Friday, March 21, 2014

The Enouy Revolver

In our last post, we studied a very unusual firearm, the Girandoni Repeating Rifle, which did not use any gunpowder, but was entirely powered by air pressure. In today's post, we will study a very unusual revolver design, the Enouy Revolver. One look at it is sufficient for the reader to judge how unusual this is:

The Enouy Revolver. Click on image to enlarge.

The Enouy revolver was a design patented by Joseph Enouy of Middlesex, England, who received British patent #1359 in 1855. The basic revolver was based on a transitional revolver design made by Charles Osborne in 1845. The innovative part of Enouy's design was the compound magazine design. According to the notes for his patent application:

Patent 1359. Joseph Enouy, of 31, Denbigh-place, Pimlico, St. George's, Hanover Square, Middlesex, for The means of removal of every rotary or revolving barrel or cylinder containing chambers from all revolver pistols, guns, and fire-arms, and the substitution in their place by another and other barrels or cylinders in succession.

Two or more revolving breech-pieces are connected in a frame attached to the stock in such a manner that when the charges in the chambers of one breech-piece have all been fired, the breech-piece may then be removed and others ready charged by successively substituted in its place.
 - Dated June 14, 1855. Sealed December 11, 1855.

In this particular example, each revolver cylinder is capable of holding 6 shots and there are 8 different revolver cylinders attached to the compound magazine wheel, thereby giving this weapon a capacity of 48 shots. Here's another view of the same firearm:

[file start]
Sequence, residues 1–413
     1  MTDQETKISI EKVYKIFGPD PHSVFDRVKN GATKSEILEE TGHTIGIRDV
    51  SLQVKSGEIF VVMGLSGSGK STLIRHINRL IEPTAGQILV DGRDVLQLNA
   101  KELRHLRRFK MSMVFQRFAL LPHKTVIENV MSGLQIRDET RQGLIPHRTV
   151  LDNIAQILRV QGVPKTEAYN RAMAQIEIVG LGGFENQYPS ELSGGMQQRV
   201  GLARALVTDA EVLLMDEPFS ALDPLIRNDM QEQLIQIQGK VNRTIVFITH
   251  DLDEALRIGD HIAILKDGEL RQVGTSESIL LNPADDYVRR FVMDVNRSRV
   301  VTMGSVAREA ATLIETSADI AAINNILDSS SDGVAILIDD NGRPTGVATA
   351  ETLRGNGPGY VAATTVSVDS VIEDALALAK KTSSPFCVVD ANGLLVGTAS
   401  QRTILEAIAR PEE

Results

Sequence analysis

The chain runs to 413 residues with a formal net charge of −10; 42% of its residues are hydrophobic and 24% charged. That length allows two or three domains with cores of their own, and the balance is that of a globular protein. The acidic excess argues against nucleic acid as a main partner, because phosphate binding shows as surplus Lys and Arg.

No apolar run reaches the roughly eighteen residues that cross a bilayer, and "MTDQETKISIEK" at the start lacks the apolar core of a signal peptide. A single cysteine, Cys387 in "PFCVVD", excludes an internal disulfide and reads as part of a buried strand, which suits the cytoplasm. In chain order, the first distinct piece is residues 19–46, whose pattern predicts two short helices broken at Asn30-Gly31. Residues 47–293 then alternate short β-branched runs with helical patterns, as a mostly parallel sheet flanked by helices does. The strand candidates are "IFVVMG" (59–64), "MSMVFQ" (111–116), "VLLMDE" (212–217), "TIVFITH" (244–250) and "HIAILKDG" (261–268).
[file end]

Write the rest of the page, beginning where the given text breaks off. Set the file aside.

Enouy Revolver. Click on image to enlarge.

The magazine wheel rotates around a rod, which is fastened to the revolver butt on one end and to a bracket that is attached to the underside of the revolver on the other end.

As you may have guessed, this weapon is very heavy, unbalanced and unwieldy at the same time. Due to the magazine wheel in front, the user can't carry this revolver is his pocket or in a holster either. This firearm design was not a success and Joseph Enouy didn't seem to manufacture many of them either. In fact, most of the pictures of this firearm available on the web are from one particular revolver made by Enouy, which was once owned by a Mr. Vokes. As there are no records of this revolver being manufactured and sold commercially, it is possible that the above example is literally the only one that was ever made. It is fortunate that we have a record of Mr. Enouy's patent application available.

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